A study involving 37,000 Israeli teenagers over a 17-year period found that an elevated body mass index (BMI) at adolescence and at adulthood are independently associated with the risk of coronary heart disease and diabetes.

BMI – a person’s weight in kilograms divided by the squared height in meters — has long been known to show an increased risk of diabetes close to diagnosis in adulthood, around age 30 to 45. A BMI of 25 or more is considered overweight while 30 BMI or higher is considered obese. But the study showed that even an elevated BMI in normal range puts one at risk of heart disease.

The study of incoming Israeli Defense Forces (IDF) career personnel, published in the New England Journal of Medicine on April 7, 2011, focused on this rarely studied age group.

The joint research team was led by Dr. Amir Tirosh of Sheba Tel-Hashomer’s Talpiot Medical Leadership Program; Brigham and Women’s Hospital and Harvard Medical School researcher Dr. Iris Shai; and Dr. Assaf Rudich of Ben-Gurion University (BGU) and the university’s National Institute of Biotechnology in the Negev.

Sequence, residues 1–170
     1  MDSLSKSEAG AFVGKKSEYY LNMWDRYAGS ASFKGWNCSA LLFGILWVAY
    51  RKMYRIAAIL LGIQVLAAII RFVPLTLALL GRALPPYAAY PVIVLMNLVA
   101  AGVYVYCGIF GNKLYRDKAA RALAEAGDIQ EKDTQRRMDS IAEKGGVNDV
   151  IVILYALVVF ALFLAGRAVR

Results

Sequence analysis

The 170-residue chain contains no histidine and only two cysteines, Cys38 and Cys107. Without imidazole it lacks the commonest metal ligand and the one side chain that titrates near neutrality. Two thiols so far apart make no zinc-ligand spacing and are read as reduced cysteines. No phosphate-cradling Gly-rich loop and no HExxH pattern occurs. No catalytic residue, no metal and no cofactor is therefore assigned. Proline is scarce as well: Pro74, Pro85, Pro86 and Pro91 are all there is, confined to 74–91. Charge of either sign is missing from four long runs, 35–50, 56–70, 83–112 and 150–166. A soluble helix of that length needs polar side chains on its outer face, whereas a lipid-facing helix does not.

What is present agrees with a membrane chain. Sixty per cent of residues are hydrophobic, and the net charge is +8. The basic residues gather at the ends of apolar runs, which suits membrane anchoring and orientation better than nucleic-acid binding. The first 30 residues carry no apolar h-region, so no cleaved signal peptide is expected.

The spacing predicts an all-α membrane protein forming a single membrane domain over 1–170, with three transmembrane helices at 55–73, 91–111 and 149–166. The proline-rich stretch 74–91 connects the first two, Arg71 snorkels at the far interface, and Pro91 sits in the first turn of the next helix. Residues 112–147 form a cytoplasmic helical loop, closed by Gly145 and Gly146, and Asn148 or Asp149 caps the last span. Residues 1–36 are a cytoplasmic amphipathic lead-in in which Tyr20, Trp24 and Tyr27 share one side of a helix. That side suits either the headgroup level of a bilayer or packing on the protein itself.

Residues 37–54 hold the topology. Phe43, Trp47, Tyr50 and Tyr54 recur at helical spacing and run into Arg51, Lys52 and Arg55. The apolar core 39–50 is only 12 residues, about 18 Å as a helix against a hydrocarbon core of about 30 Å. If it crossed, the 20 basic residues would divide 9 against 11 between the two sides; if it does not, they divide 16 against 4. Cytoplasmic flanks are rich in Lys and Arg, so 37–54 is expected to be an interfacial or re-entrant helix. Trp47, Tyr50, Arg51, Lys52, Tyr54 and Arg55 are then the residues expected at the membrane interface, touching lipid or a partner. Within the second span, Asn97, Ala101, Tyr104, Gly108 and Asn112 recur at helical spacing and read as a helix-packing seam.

Researchers from the IDF Medical Corps and Tel Hashomer Hospital recorded the BMI of participants at 17 and again periodically over the next 17 years. For diabetes, BMI at age 17 predicted the risk mainly since it is associated with BMI later in life. However, for heart disease, BMI at adolescence as well as BMI at adulthood — independently of each other — predicted the risk of the disease. During the study period, 1,173 new cases of diabetes and 327 new cases of heart disease were diagnosed.

“Our results suggest that the obesity problem in children and teens is likely just the tip of an iceberg for increased risk for the occurrence of Type 2 diabetes and heart disease in your 30s and 40s,” said Tirosh. “While this is an observational study, it does suggest that an adolescent with a relatively high BMI, who grows up to become a lean adult, practically eliminated the added risk of developing diabetes attributed to his BMI at adolescence.

“Conversely, the risk of that person for heart disease will remain elevated compared to the lean teen who became a lean adult, though still will be lower than that of the heavier teen who became an obese adult.”

He suggested that for effective prevention of early occurrence of heart disease in adulthood, very early intervention to promote healthy lifestyle habits seems essential.

BGU recently published a series of intervention studies showing that nutritional habit modification can not only halt, but even reverse, the progression of atherosclerosis, the underlying process of heart disease.